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Race for New Hampshire Governor Remains Unpredictable

No one knows who will win the New Hampshire governor's race this year. No one is even certain who the nominees will be.

A total of five Republicans and five Democrats are running in next Tuesday's state primary -- which, along with Delaware's, is the last primary before the general election. The incumbent governor, Democrat Maggie Hassan, is running for the U.S. Senate.

On the Republican side, Chris Sununu has the broadest name recognition. The resort owner and member of the state executive council is the son of a former governor and the brother of a former U.S. senator.

But Sununu is being attacked by his opponents who allege that he's insufficiently loyal to conservative causes, such as defunding Planned Parenthood. Manchester Mayor Ted Gatsas, one of his GOP challengers, released an ad last week accusing Sununu of embracing President Obama's "liberal Common Core agenda" because he failed to fight Hassan appointees who support the education standards. Sununu maintains that he's against Common Core and favors local control of schools. 

Sununu and Gatsas have been ahead in the polls and fundraising. But Andrew Smith, director of the University of New Hampshire Survey Research Center, said it would be a mistake to rule out state Sen. Jeanie Forrester, who has the endorsement of the Manchester Union-Leader, or state Rep. Frank Edelblut, who has performed well in debates.

Turnout will likely be in the 15 to 20 percent range, meaning advantages such as name recognition and advertising might not matter as much as usual, suggested Smith.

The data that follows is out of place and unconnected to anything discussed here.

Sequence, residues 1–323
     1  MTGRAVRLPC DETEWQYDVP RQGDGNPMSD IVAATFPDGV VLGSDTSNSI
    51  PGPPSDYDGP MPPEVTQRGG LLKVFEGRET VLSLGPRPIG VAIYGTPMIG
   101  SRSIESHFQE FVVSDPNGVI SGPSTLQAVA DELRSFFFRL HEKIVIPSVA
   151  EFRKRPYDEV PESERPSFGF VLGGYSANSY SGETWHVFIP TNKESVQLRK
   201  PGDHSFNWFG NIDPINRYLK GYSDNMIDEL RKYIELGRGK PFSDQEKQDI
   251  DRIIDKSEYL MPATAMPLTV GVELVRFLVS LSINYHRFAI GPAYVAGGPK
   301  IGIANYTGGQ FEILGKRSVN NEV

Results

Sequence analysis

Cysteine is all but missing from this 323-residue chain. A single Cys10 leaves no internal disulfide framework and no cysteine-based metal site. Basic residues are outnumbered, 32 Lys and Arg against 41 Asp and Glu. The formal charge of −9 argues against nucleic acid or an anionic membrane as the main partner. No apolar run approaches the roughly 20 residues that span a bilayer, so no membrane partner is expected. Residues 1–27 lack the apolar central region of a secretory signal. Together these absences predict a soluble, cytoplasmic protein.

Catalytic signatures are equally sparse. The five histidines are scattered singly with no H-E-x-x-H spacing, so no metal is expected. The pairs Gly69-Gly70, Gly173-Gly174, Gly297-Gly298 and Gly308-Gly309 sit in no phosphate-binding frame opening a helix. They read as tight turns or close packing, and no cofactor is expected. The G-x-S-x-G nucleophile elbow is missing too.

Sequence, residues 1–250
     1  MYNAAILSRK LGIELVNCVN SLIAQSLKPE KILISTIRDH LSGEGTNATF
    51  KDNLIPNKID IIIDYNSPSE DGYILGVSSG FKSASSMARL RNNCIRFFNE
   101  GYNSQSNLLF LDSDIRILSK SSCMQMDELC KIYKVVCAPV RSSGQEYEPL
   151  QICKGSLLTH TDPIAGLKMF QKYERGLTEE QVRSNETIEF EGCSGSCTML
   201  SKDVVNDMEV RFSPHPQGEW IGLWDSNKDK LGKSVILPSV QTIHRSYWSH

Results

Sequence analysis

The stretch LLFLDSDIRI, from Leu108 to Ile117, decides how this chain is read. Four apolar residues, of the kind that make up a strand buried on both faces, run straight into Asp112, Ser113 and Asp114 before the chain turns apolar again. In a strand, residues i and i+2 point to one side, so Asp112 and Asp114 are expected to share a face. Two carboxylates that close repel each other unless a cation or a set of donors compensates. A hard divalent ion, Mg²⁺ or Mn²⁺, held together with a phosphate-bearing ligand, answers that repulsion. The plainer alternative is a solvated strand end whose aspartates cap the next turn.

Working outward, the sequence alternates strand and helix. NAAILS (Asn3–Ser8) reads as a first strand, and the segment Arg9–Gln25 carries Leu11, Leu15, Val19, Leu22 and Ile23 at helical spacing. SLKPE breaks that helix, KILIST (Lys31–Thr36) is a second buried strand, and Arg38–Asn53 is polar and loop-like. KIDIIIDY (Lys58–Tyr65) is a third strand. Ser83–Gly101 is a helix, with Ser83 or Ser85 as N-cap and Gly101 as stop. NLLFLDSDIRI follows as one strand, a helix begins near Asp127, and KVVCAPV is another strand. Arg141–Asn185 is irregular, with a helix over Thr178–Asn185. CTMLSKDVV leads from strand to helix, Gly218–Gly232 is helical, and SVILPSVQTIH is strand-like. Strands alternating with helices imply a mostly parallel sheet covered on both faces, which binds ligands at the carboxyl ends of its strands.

"With turnout so low, you're really down to the activists," said Smith. "It will come down to campaign organization -- which campaigns have identified their voters and how they're going to turn them out."

On the Democratic side, Colin Van Ostern, another member of the executive council, appears to have an edge over former Deputy Secretary of State Mark Connolly and former Portsmouth Mayor Steve Marchand.

Van Ostern leads in fundraising and has gotten more endorsements from state lawmakers and labor unions. He led a recent poll by a double-digit margin, but there were many undecided voters.

Early polling of a possible Sununu-Van Ostern matchup showed Sununu leading. Most voters, however, haven't been tuned into the race. They will get a quick education on the candidates during the sprint to November, said Smith, the pollster.

Despite the indications from early polls, Democrats are hopeful that conditions in New Hampshire will be favorable to their candidate. Hassan has had a slight polling lead against incumbent GOP Sen. Kelly Ayotte, while Hillary Clinton is ahead in the presidential race.

"The two states where the federal race is most soaked into the governor's race are North Carolina and New Hampshire," said Jared Leopold, spokesman for the Democratic Governors Association.

An Incumbent Mayor in Serious Political Trouble

Most incumbent mayors win re-election. Occasionally, some do get defeated. But few have looked as vulnerable as Dennis P. Williams, the mayor of Wilmington, Del.

Williams faces a total of eight challengers in next Tuesday's primary, including several current and former members of the City Council and state Sen. Bob Marshall. The winner of the Democratic primary is expected to be a lock to win in November.